The outer tubular member 12 has a closed upper end 14 and surrounding the wall thereof is a handgrip 16 which preferably comprises an elastomeric material having a co-efficient of friction to inhibit slipping of a user's grip relative to the tubular member 12.
 The lower end 18 of the outer tubular metal member 12 is open to receive therethrough an elongated, inner metal rod 20 whose outer diameter is sized to slidingly fit through the open end 18 of the outer metal tubular member 12. Again, without limitation the inner metal rod may be approximately 1 inch in diameter and be 30 inches in length.
 Referring momentarily to FIG. 2, which shows a partial side view of the slide hammer root cutter 10 of FIG. 1, the upper end portion of the outer tubular member contains a steel plug 22 adapted to cooperate with the upper rounded end 24 formed on the inner metal rod 20. The steel plug 22 adds weight to the outer tubular member 12 and is made to deliver a hammer blow to the end 24 of the inner metal rod during use of the tool.
 Referring back to FIG. 1, welded to the lower end 26 of the inner metal rod 20 is a blade support 28. This blade support comprises a rectangular metal plate 30 which, as shown in FIG. 2, has a recessed surface 32 defining a shoulder 34. Fitted against the recessed surface 32 is a cutting blade 36 which comprises a rectangular steel plate having an upper edge 38 adapted to abut the shoulder 34 of the blade support 30 and is fastened to the blade support 30 by means of socket head bolts 40.
 The weight of the inner rod 20 with the blade support and blade of the illustrated embodiment may be designed to be about 7 pounds so that the combined overall weight of the root chopper will be about 15 pounds.
 As best seen in FIG. 1, the side of the blade 36 opposite from the upper side 38 includes a V-notch 42 that is defined by tapered edge surfaces 44.
 The tapered edges 44 are preferably scored by a series of grooves as at 46 that create slight serrations 48 where the grooves intersect with the sharp tip edge 50 of the tapered surfaces 44 defining the sharpened edges of the blade.
 During storage, it is found convenient to secure the metal rod 20 within outer tubular member 12 against movement and, in this regard, a through-hole 52 may be drilled diametrically through both the outer tubular member 12 and the inner steel rod 20 whereby a pin, as at 54, may be inserted.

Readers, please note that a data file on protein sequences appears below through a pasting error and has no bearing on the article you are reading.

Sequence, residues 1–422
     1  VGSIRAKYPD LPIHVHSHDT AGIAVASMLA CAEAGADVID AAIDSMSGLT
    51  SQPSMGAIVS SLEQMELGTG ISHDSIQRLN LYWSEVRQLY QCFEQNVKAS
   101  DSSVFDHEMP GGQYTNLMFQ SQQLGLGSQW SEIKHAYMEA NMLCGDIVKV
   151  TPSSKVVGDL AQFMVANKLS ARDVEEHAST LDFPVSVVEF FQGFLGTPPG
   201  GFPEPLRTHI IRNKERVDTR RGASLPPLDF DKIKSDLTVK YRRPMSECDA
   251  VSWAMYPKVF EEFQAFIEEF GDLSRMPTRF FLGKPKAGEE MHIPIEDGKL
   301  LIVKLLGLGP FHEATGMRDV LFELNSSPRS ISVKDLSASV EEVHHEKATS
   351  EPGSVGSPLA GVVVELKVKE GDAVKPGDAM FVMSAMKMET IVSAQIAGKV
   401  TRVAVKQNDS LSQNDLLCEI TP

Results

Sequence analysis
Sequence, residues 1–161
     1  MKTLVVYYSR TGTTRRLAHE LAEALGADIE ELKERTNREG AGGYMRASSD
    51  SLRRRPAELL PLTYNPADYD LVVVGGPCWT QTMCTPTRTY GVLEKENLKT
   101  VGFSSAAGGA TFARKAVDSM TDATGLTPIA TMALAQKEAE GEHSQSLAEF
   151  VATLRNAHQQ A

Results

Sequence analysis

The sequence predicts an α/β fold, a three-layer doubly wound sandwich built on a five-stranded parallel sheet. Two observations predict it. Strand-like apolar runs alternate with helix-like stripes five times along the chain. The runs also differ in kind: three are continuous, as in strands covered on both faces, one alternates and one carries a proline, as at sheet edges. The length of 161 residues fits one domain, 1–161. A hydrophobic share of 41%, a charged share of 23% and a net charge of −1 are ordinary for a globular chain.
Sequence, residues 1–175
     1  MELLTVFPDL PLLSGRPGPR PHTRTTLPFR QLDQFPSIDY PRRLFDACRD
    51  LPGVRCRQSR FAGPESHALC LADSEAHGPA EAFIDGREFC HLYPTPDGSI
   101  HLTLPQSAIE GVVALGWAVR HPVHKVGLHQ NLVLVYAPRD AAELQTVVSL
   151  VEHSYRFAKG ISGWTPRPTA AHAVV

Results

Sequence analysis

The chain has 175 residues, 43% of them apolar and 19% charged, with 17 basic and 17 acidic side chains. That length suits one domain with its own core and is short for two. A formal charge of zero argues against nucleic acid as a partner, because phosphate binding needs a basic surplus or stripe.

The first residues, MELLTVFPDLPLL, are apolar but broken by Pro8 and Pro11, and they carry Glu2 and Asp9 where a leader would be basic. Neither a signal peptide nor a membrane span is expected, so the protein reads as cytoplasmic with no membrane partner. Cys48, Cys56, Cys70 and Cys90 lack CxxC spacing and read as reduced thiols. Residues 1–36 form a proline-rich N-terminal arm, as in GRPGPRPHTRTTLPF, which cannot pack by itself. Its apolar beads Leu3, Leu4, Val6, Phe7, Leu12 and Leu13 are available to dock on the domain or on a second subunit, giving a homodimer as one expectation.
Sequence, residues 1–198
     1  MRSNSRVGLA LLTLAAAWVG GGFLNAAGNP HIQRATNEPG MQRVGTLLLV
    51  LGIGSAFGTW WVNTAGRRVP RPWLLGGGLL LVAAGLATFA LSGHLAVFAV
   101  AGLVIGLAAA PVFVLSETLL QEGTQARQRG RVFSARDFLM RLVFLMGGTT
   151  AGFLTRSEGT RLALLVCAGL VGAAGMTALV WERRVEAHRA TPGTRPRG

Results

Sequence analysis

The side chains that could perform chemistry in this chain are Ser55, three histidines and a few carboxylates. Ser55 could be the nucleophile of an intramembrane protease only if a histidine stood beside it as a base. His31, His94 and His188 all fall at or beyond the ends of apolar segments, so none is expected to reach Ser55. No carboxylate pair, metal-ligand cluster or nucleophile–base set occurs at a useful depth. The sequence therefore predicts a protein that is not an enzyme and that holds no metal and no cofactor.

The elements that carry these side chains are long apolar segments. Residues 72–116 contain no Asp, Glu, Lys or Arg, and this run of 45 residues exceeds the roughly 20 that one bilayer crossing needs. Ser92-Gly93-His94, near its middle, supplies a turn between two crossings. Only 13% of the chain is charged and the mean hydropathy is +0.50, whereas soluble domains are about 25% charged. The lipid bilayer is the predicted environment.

During use, the pin 54 is removed and the V-notch of the blade is positioned over a root to be cut. The user will then raise and forcibly lower the outer tubular member 12 relative to the inner steel rod 20 so as to cause the steel plug 22 contained within the upper portion of the outer tubular member to slam against the upper end 24 of the inner tubular member 20. This impact force is delivered to the blade 36 by virtue of its connection to the inner metal rod 20 by the blade support 30. Repeated reciprocal strokes will cause the blade to cut through and sever root structures of smaller trees, shrubs and bushes, thereby facilitating extraction of the tree, bush or shrub from the ground.
 The unique design of the blade member 36 with its V-shaped notch 42 allows the blade to easily cut through soil. The grooves 46 and serrations 48 on the sharpened edge of the cutting blade help to prevent bounce-back when a user thrusts the outer tubular member 12 downward against the upper end 24 of the inner rod 20.
 This invention has been described herein in considerable detail in order to comply with the patent statutes and to provide those skilled in the art with the information needed to apply the novel principles and to construct and use such specialized components as are required. However, it is to be understood that the invention can be carried out by specifically different equipment and devices, and that various modifications, both as to the equipment and operating procedures, can be accomplished without departing from the scope of the invention itself.
Patent applications by James D. Oberg, Eagle Bend, MN US
Patent applications by Robert H. Lusty, Alexandria, MN US
Patent applications by BAC INDUSTRIES, INC.